Andrew Brown defining humourless atheism


I should just say that there aren’t any TBTMs at the moment because a) I’m struggling with a nasty flu-bug type of thing, and b) my visiting mother-in-law has taken on the dog-walking duties, so I’m not on the beach myself!


UPDATE: I wanted to engage with James’ comments in a new post, but they’d sit better as the flesh on the bones of this one…

James: Interesting, but not persuasive of anything further than the old “New Atheists are just atheists with potty mouths” argument. Brown doesn’t seem to have read most of the folks he pillories. Worse, though, is the quality of his arguments. I am, first and foremost, not at all sympathetic to the idea that philosophy is, when it comes to its basic (and many of its more advanced) questions, some sort of specialized discipline requiring the “authority” of formal education in its subject matters to discuss. This is even more true of theism, deism, and atheism than most subjects.

Sam: I’m pretty sure that Brown HAS read the various people concerned (I’m sure he’s read more than me for example) but I think you miss his point by talking about philosophy exclusively – part of Brown’s point is to try to widen out the discussion beyond the narrow confines of 20th century analytical philosophy.

J: Brown’s definition of the “New Atheists” definition of faith is, well, unsatisfactory. This is no real fault of his own, as I think this is one of those words where “you know it when you see it,” much like the ongoing struggles to define “truth.”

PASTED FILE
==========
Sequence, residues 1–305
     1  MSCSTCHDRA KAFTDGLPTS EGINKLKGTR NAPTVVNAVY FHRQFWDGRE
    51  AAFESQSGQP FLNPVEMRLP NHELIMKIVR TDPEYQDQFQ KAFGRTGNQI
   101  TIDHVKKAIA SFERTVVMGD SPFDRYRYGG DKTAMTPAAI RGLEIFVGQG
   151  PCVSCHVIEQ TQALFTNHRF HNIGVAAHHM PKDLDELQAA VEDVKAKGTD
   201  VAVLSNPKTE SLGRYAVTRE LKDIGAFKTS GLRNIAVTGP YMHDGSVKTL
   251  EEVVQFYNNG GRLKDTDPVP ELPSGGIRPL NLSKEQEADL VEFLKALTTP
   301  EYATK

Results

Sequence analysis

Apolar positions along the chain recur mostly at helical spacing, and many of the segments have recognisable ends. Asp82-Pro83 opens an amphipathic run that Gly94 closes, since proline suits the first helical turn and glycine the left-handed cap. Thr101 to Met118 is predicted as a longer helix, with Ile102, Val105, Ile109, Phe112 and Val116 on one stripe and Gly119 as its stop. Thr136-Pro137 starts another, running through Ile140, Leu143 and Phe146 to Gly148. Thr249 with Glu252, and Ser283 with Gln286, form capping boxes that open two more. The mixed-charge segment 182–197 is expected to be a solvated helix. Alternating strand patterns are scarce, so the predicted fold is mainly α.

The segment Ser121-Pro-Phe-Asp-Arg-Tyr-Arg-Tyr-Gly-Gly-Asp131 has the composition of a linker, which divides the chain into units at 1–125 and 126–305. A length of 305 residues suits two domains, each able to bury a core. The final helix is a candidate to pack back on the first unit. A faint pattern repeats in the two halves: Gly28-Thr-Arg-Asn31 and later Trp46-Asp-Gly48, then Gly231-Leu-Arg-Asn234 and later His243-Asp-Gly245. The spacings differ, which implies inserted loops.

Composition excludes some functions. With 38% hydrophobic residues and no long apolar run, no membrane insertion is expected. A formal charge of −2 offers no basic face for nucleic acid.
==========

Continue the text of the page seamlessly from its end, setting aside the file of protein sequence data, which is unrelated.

S: Well, he documents the source (Dawkins’ Selfish Gene) and it’s a common trope.

J: Brown’s proposition of a rigorous adherence only to science as the route to all knowledge is likewise more straw than man. As I read many of the fellows Brown lambasts, science is, in their view, the route to certain knowledge. That is to say, anything that science cannot attest to is, at heart, conjecture. Some of them might apply this to all things god, but not all; this route is used to attack some of the pillars of Abrahamic monotheism, and so I think it is natural for Brown and other Judeo-Christians (and Westerners in general) to believe that if one has no god, one must have science as their sine qua non.

S: the issue is whether there is legitimate knowledge (or insight, or wisdom) which doesn’t come via the scientific process; more broadly, whether scientific knowledge is the best form of knowledge possible for a human being to attain. The ones Brown is criticising tend to more or less explicitly hold to a scientistic/ reductionistic/ materialistic outlook which presupposes that scientific knowledge is precisely that – either the only legitimate form of knowledge available, or, the best sort of knowledge available. I reject this, and I see a rejection of this as one of the litmus tests distinguishing between humourless and sophisticated atheisms (or, more provocatively, whether an atheist is brain-dead or not). I see this as the most important (and intellectually interesting) area of discussion.

J: Many atheists do use “reason” as an attack on religion. I don’t think this is fair, or accurate: reason describes a thought process, which the religious do use. Where the “New Atheists” score is that the reason and logic used by the religious starts with premises that presuppose the conclusion; to put it in scientific terms, no room is made for the null-hypothesis.

S: Agree with the first bit 🙂 I know lots of religious people who explore the ‘null-hypothesis’, we tend to call it apophaticism.